Just three horses in our race earned a speed figure of 83 or higher in a turf route race: Freedom’s Way (87 in a maiden race), Limited Liability (84 in a Grade 2 stakes race) and Play Action Pass (83 in a listed stakes race). Those three should be considered the contenders on speed alone, and with the other factors in their favor, are a solid trio to focus on.

What should the odds be on the horse? How does that compare to the odds being offered?

Once you have your list of contenders, it is time to ballpark their chances of winning the race. Only then will you know if your risk is justified by the potential reward. If you think a horse has a 25 percent chance to win but the horse is a 2-1 favorite, then it is not worth the risk. On the other hand, the same horse at 6-1 odds would offer a terrific wagering opportunity.

Don’t think you are savvy enough to peg a horse’s chances of winning a race? Use Marc Cramer’s contender line as your guide. He proposed ranking horses and assigning prefixed probabilities to them. If you think only one horse is a true contender then you must demand even money or better to make a wager. Have two horses you like? Your top pick must be 2-1 or better and your second choice 5-2 or better. Three contenders in the field would require at least 3-1 on your top choice, 9-2 on the second choice and 6-1 on the third choice. Four contenders would require odds of 4-1, 5-1, 8-1 and 9-1. Bet any contenders that reach the proper threshold.

In this case, the order of our three contenders is debatable. Freedom’s Way is the top speed horse, outruns his odds and has a pattern match with the jockey of his last win back aboard. Limited Liability has acquitted himself well in graded stakes competition, has a competitive speed figure and should be able to take advantage of a fast pace. Play Action Pass earned a competitive speed figure in a listed stakes race, plus gets a jockey back that was present for a win at this same distance and on this same surface.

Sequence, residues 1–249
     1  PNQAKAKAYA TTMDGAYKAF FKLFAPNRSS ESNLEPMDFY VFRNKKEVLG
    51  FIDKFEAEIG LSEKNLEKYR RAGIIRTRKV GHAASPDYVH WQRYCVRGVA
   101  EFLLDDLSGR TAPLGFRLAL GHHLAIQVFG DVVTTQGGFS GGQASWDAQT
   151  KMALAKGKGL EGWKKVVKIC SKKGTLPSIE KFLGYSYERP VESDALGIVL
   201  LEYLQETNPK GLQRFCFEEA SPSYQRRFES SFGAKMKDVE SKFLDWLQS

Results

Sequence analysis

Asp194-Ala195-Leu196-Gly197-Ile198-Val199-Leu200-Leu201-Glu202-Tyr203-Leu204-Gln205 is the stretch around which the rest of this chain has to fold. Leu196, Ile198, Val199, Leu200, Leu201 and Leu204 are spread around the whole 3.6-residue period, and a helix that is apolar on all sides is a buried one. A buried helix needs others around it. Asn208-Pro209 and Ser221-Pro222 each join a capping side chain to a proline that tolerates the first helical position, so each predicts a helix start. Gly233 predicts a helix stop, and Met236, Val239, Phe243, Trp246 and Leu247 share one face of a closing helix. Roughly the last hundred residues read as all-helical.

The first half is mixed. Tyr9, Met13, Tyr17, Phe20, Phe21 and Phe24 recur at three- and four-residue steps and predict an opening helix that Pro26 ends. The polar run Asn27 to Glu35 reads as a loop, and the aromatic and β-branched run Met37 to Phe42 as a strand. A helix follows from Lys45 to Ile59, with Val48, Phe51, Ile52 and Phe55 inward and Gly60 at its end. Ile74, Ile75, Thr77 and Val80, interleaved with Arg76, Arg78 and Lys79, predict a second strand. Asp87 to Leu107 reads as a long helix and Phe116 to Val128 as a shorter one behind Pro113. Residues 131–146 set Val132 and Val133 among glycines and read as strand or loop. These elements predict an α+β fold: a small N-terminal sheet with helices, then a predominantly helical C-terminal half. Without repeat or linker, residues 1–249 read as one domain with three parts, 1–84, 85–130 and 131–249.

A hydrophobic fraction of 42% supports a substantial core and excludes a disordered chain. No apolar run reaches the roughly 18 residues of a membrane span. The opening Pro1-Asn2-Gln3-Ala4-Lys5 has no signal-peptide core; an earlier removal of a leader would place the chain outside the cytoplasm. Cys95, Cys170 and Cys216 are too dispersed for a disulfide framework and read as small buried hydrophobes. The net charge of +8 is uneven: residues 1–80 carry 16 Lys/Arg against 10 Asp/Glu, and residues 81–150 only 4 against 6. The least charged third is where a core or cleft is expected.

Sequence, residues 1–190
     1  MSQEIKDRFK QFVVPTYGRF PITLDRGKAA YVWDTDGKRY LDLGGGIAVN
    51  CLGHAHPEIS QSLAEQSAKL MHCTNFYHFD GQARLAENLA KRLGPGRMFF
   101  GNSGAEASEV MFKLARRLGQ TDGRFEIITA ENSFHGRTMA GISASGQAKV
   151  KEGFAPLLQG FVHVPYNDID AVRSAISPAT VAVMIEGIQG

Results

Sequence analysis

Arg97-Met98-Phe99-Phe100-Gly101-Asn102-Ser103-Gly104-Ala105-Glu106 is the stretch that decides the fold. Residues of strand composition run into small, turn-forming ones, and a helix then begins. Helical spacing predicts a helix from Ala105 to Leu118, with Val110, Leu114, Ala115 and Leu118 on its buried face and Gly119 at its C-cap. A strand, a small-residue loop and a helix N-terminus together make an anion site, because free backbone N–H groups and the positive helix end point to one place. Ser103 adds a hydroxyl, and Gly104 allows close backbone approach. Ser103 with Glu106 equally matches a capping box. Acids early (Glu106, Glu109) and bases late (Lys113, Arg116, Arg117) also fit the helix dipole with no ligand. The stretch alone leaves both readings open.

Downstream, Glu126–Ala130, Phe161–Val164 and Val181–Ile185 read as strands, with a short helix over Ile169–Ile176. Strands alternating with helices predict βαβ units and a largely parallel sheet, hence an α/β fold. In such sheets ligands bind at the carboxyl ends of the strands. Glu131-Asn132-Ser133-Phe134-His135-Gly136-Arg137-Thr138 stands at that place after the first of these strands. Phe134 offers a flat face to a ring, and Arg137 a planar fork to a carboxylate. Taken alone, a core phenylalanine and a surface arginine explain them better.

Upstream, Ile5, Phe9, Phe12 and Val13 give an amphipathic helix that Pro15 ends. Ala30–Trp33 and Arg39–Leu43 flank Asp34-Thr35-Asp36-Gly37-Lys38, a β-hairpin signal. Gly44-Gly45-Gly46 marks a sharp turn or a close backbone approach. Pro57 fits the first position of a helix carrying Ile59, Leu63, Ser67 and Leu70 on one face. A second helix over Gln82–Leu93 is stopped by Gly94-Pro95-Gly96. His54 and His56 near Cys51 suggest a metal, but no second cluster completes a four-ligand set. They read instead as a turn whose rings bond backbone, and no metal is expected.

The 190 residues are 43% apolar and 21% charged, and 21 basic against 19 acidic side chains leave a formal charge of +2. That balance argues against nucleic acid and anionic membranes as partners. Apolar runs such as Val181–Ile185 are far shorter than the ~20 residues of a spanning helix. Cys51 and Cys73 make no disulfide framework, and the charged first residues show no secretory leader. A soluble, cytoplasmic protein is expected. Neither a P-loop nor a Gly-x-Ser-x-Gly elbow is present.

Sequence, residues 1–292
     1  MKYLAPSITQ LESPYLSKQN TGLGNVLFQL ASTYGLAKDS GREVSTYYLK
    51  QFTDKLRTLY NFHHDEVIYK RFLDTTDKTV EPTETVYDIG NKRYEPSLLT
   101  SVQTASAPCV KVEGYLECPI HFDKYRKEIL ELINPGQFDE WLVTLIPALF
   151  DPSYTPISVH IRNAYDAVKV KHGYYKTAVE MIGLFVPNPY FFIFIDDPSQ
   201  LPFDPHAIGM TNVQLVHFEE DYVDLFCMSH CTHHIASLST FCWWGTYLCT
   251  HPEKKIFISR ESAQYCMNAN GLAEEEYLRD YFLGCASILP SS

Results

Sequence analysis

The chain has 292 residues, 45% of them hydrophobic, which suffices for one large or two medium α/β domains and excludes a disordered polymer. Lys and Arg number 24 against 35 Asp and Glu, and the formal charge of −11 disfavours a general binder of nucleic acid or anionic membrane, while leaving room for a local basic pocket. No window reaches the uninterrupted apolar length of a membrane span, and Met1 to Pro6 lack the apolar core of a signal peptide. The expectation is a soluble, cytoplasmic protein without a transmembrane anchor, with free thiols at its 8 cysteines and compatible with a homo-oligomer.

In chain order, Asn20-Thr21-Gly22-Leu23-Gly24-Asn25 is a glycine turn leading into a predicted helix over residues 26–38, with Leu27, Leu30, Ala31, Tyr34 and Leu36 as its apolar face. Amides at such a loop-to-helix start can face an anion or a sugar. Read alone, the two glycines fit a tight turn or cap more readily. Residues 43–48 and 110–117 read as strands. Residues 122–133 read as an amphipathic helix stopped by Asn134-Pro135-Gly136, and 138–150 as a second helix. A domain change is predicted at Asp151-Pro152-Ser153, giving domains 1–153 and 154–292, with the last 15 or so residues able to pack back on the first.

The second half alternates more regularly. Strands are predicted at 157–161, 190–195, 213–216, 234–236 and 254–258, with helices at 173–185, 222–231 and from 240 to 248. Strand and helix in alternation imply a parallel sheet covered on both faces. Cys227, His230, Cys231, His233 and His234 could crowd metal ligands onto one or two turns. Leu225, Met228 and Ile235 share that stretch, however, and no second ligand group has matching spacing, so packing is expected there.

I’d argue for Limited Liability as the top horse because of his class (won a $100,000 maiden race), the competitive speed figure (84 in a Grade 2 stakes race) and running style (closer). Play Action Pass would be my second choice after having earned a competitive speed figure in a listed stakes race over the same surface plus the added benefit of the jockey change back to Lanerie. Freedom’s Way, with his top speed figure of 87 (earned in a maiden race) would be my third choice. In this order they would require odds of 3-1, 9-2 and 6-1, respectively, for win bets. They could, of course, also be used in exactas and trifectas.

As you can see from the race results below, our handicapping would have been spot on. Limited Liability beat Freedom’s Way by a neck and paid $10 to win. Freedom’s Way finished second over Play Action Pass by a length. The exacta paid $33.80 on a $1 bet and the 50-cent trifecta paid $133.30. Merci, who had a layoff pattern match, finished fourth, rounding out a $111.80 10-cent superfecta. The favorite, Credit Event, finished third to last.

Remember, you are competing against the public and the wisdom of crowds, a collective that often does well at the ticket counter. But they are not perfect, and to take advantage of their shortcomings you have to be willing to seize value when you see it. Your rate of tickets cashed may not be as high as if you bet on only the favorites, but the return on your investment should be there, which is how you grow your bankroll.